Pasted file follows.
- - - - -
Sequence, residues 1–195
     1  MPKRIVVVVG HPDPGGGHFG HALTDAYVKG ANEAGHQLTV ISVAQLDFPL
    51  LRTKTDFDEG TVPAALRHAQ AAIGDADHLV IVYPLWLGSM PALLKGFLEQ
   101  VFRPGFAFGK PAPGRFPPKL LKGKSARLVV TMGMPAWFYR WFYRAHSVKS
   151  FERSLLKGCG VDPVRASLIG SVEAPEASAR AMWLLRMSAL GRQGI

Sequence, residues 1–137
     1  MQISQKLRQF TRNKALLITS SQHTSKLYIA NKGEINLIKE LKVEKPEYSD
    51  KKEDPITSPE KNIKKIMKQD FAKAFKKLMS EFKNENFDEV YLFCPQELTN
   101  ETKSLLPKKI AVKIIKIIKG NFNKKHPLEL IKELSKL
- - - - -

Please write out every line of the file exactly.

Sequence, residues 1–195
     1  MPKRIVVVVG HPDPGGGHFG HALTDAYVKG ANEAGHQLTV ISVAQLDFPL
    51  LRTKTDFDEG TVPAALRHAQ AAIGDADHLV IVYPLWLGSM PALLKGFLEQ
   101  VFRPGFAFGK PAPGRFPPKL LKGKSARLVV TMGMPAWFYR WFYRAHSVKS
   151  FERSLLKGCG VDPVRASLIG SVEAPEASAR AMWLLRMSAL GRQGI

Sequence, residues 1–137
     1  MQISQKLRQF TRNKALLITS SQHTSKLYIA NKGEINLIKE LKVEKPEYSD
    51  KKEDPITSPE KNIKKIMKQD FAKAFKKLMS EFKNENFDEV YLFCPQELTN
   101  ETKSLLPKKI AVKIIKIIKG NFNKKHPLEL IKELSKL